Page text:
Heaven's Reach

by David Brin
Series: Uplift 6
Reviewed date: 2006 Jan 22
Rating: 2
541 pages
cover art

David Brin's Uplift Storm trilogy--which is really just a single story hacked into three pieces--finally, mercifully, concludes in Heaven's Reach. Unfortunately the only thing good about this conclusion is that David Brin stops writing. He doesn't bother to tie up any plot threads, nor does he write a real resolution per se. One gets the feeling that everything Brin wrote up to this point was merely to set the stage for the real story--to be forthcoming in a new trilogy, no doubt.

Heaven's Reach is disappointing. The only reason I read Heaven's Reach was to see how Brin would tie together all the stuff he wrote in the two previous books, Brightness Reef and Infinity's Shore. I wanted to see if the six races of Jijo would manage to prevail over the attacking Rothens and Jophur. I was eager to see the dolphins fix their ship, Streaker, and escape back to Earth. I greedily hoped that Brin would explain why the Buyur booby-trapped the planet Jijo. But most of all, I was hopeful that Brin would finally reveal what it was that Streaker had found that was triggering so much upheaval around the Five Galaxies.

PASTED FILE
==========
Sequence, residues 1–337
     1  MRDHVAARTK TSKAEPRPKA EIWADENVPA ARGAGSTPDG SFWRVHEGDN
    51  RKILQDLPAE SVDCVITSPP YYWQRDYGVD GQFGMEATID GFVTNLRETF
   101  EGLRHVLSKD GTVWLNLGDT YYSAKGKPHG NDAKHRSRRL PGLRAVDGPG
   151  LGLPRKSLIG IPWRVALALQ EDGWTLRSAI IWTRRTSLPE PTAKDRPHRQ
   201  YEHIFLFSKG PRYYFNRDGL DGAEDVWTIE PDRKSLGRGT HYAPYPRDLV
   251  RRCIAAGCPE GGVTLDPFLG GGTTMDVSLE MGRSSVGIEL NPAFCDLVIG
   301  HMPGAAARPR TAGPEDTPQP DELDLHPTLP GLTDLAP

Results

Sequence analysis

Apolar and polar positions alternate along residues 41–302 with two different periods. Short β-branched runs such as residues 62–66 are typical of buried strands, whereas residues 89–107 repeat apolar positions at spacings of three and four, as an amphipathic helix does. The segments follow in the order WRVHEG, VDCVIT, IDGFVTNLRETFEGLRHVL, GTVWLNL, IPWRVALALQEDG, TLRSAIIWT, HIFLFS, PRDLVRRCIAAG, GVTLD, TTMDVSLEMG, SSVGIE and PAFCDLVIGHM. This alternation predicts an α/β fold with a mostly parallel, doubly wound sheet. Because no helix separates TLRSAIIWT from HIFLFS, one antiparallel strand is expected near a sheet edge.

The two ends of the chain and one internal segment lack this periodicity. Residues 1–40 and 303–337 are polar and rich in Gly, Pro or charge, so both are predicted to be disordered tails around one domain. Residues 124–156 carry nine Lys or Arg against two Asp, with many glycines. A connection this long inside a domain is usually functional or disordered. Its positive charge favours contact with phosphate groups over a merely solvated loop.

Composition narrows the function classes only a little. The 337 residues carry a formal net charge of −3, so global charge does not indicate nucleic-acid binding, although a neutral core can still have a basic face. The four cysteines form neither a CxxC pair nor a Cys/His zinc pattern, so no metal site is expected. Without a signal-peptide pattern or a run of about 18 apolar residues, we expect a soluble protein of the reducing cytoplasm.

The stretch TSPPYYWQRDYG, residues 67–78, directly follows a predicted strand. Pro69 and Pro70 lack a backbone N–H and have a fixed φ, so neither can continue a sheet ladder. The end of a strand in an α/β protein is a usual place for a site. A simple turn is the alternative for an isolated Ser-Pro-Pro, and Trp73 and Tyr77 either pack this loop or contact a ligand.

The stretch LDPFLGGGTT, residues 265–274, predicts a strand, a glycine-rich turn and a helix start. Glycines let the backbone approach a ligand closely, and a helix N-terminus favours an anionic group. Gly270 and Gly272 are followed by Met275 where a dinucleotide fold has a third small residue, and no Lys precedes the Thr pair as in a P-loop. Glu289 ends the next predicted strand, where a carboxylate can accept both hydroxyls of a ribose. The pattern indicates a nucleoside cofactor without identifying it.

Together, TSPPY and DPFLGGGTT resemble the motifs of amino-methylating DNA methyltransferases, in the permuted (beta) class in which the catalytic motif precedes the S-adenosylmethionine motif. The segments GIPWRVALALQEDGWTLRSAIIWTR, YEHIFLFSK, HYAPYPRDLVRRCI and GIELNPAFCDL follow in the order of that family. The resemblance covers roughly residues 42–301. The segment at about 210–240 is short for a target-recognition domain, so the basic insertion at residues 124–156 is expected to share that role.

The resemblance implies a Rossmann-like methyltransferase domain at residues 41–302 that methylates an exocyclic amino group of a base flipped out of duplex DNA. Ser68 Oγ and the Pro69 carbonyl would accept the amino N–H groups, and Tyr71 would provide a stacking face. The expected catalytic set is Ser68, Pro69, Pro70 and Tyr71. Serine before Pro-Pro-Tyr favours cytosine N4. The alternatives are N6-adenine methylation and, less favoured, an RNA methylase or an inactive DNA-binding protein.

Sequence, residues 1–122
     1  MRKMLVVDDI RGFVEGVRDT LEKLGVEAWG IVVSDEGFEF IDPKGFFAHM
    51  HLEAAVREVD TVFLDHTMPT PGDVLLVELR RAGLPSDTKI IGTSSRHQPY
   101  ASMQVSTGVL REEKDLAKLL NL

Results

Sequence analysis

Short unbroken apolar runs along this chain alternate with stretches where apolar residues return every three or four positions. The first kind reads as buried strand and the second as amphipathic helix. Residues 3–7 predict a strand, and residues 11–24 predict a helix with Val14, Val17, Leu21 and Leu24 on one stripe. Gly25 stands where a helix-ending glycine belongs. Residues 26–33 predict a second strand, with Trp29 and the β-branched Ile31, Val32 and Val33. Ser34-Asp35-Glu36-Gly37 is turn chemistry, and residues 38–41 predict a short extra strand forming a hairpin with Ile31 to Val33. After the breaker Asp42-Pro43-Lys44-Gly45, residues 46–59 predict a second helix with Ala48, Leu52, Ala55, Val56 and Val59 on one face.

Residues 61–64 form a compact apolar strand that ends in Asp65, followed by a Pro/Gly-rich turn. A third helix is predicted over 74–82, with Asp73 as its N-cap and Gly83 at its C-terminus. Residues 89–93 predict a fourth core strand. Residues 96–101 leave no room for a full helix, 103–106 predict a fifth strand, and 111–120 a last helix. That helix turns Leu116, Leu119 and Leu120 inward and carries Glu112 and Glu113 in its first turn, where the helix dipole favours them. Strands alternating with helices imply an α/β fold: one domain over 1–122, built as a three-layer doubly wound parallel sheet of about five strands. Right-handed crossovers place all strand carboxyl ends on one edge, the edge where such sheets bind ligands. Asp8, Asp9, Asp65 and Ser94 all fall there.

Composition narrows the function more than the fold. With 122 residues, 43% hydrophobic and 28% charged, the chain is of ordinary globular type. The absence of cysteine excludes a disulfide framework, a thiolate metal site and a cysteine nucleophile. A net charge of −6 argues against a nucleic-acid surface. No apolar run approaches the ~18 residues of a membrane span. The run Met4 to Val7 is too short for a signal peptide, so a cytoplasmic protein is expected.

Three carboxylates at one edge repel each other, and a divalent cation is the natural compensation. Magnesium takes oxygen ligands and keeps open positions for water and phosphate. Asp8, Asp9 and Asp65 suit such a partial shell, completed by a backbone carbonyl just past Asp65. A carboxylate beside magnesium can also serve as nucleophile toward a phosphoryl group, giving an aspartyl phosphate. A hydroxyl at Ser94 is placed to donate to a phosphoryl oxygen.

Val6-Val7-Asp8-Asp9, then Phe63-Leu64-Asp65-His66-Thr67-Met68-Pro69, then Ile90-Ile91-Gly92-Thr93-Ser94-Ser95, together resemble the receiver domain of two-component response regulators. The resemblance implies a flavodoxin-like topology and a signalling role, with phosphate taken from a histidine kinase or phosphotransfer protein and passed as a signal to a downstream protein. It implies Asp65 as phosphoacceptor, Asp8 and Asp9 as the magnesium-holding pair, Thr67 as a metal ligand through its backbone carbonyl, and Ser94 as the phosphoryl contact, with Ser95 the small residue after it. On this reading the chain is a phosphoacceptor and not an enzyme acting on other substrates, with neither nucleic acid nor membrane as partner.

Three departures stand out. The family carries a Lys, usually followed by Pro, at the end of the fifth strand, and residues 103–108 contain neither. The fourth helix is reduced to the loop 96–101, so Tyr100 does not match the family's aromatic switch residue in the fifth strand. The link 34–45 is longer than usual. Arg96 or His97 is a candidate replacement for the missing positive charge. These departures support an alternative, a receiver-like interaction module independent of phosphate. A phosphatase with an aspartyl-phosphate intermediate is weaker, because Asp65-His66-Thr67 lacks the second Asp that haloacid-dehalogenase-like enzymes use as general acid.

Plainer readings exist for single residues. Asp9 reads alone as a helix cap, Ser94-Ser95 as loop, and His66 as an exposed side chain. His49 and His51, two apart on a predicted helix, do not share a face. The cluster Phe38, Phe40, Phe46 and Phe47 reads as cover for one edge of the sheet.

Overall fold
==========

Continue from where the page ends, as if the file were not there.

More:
Brin failed to deliver on any of those plot resolutions. Instead of wrapping up the story, he just ups the ante: instead of just Jijo being in trouble, we discover that the very fabric of the universe itself is in danger! This danger threatens to destroy not just Jijo, but the entire Civilization of the Five Galaxies. And then, once Brin makes sure we fully understand the seriousness of the threat, he brings the book to a screeching halt. Finito.

Brin had a lot of neat ideas that he used in the Uplift Storm trilogy, but he forgot to write a decent, coherent story. One reviewer on Amazon.com called this the Red Herring trilogy, because Brin keeps misleading his readers by bringing up mysteries and subplots that go nowhere and are never resolved. Leaving a few plot threads open makes the story stronger and is the mark of a good writer. Failing to resolve any plot threads is attributable only to incompetence or arrogance. Brin is clearly competent, as evidenced by his book Sundiver, so one can only assume that the Uplift Storm trilogy is a product of his earlier writing successes going to his head.

Steer clear of the Uplift Storm trilogy.

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